You don’t have to walk this road alone. In fact, it will be much less stressful if you do accept help from others. There’s an incredible scene in The Return of the King, the third installment of The Lord of the Rings. Throughout all three movies, Samwise Gamgee has faithfully walked alongside his dearest friend, Frodo Baggins. Together, as they seek to destroy a powerful ring and save all of Middle Earth, they face danger and hardships, feel lost and hopeless, and at one point, Sam even fears that Frodo has died. And then, the moment comes. Frodo is so near the end of this incredibly taxing quest – this journey that has sapped him physically, mentally, and emotionally – and he says, “I can’t do this, Sam.” After some fortifying words, Sam says, “I can’t carry it [the ring] for you, but I can carry you!” This is why we need friends along the hard journeys in life. They can’t carry our burdens for us, but they can help carry us along; they can provide the support we need to move forward and find new life and new meaning.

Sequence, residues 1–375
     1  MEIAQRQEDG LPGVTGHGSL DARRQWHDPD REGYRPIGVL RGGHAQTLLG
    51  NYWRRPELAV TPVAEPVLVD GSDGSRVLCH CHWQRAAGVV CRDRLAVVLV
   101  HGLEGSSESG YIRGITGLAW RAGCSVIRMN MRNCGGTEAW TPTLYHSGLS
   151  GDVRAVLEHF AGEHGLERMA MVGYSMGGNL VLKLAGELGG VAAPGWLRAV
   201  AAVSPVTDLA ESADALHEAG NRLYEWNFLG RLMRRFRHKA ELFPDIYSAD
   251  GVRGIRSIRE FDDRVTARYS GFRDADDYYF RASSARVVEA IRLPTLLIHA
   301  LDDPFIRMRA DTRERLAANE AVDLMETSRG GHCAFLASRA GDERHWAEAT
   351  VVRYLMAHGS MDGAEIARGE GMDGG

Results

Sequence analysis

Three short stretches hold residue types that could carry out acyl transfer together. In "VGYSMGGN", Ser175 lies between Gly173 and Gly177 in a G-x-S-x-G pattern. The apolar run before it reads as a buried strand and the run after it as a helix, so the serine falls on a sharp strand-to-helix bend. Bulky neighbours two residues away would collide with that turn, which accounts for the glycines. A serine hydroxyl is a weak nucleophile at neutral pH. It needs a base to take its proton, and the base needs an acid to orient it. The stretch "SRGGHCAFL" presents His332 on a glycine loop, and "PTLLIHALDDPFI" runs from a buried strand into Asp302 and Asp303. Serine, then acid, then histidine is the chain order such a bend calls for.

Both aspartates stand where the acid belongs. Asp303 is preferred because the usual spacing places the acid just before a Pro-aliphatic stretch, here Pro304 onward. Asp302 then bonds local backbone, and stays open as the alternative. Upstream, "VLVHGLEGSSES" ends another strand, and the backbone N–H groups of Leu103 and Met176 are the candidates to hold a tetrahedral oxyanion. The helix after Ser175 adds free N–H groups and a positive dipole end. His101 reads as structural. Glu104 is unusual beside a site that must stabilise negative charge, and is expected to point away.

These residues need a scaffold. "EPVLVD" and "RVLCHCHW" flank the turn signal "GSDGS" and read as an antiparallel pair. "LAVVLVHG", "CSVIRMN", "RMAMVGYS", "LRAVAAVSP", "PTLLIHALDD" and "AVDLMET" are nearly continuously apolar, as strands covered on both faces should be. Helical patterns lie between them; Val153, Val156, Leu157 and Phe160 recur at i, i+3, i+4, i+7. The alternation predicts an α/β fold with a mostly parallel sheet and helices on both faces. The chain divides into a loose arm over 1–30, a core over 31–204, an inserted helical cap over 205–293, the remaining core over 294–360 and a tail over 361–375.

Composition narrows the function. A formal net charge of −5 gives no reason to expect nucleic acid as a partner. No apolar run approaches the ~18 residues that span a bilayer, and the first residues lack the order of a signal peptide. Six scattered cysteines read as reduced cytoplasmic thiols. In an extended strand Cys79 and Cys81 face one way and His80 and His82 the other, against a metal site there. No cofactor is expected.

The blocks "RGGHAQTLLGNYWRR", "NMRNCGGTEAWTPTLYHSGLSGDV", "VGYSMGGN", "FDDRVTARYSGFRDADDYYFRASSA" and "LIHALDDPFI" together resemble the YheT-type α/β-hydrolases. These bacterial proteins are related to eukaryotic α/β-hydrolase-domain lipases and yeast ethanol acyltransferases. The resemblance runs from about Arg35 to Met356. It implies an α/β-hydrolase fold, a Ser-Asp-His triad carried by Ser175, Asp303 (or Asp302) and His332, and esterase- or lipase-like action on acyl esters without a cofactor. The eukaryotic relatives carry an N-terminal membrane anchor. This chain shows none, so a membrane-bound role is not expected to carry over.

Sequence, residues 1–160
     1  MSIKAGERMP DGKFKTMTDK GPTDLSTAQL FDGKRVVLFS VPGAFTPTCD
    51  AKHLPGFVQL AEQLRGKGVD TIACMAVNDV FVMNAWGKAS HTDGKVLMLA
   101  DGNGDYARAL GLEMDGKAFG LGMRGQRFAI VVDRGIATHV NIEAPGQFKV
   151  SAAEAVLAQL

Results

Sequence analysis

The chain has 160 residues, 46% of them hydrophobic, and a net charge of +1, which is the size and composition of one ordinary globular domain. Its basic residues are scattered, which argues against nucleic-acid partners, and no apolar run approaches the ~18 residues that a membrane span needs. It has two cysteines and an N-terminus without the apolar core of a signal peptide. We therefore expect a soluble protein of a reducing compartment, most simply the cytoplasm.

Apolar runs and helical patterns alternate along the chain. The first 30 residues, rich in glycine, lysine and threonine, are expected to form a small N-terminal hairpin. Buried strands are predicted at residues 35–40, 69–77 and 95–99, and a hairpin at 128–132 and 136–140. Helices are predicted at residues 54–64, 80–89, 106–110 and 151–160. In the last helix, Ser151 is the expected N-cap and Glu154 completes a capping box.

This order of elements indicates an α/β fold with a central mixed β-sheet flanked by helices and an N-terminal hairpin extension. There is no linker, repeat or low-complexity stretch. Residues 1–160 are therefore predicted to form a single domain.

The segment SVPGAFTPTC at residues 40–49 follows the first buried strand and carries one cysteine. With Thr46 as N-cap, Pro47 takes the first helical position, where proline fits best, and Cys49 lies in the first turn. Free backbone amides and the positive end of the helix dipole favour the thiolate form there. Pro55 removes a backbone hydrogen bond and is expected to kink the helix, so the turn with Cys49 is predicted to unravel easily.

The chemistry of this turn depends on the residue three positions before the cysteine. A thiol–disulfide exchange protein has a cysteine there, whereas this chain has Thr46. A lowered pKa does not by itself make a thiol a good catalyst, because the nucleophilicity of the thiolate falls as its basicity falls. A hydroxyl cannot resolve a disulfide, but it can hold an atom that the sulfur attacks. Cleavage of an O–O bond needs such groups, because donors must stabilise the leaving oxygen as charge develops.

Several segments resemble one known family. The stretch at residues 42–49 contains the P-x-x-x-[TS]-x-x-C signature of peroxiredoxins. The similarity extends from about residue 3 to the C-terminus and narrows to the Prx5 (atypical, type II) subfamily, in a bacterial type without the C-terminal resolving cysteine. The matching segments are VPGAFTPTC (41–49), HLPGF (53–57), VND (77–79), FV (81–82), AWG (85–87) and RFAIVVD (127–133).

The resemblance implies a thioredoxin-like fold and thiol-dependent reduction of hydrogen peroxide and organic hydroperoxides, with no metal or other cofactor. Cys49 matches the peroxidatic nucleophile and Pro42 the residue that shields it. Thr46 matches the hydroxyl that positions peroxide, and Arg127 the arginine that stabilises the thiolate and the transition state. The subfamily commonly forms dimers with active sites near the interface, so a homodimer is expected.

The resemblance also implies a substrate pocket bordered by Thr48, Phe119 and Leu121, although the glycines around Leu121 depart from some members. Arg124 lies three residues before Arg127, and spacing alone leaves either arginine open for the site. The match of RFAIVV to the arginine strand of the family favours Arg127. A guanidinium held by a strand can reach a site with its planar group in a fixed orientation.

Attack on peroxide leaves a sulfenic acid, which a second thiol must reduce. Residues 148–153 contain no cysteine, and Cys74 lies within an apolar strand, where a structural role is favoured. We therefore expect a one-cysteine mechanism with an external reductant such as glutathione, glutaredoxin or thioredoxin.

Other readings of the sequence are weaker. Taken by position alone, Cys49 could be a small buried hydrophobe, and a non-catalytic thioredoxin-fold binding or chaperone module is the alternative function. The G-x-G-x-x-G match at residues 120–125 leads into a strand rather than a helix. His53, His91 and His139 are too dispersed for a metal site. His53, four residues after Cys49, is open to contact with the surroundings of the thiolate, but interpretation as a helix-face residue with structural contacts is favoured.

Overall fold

Self-Care vs. Keeping Busy

It’s important to remember that self-care is not about “keeping busy.” It’s about taking care of yourself as you grieve. Nationally respected grief expert Dr. Alan Wolfelt puts it this way: “Remember—self-care fortifies your long and challenging grief journey, a journey which leaves you profoundly affected and deeply changed. To be self-nurturing is to have the courage to pay attention to your needs. Above all, self-nurturing is about self-acceptance. When we recognize that self-care begins with ourselves, we no longer think of those around us as being totally responsible for our well-being. Healthy self-care forces us to mourn in ways that help us heal, and that is nurturing indeed.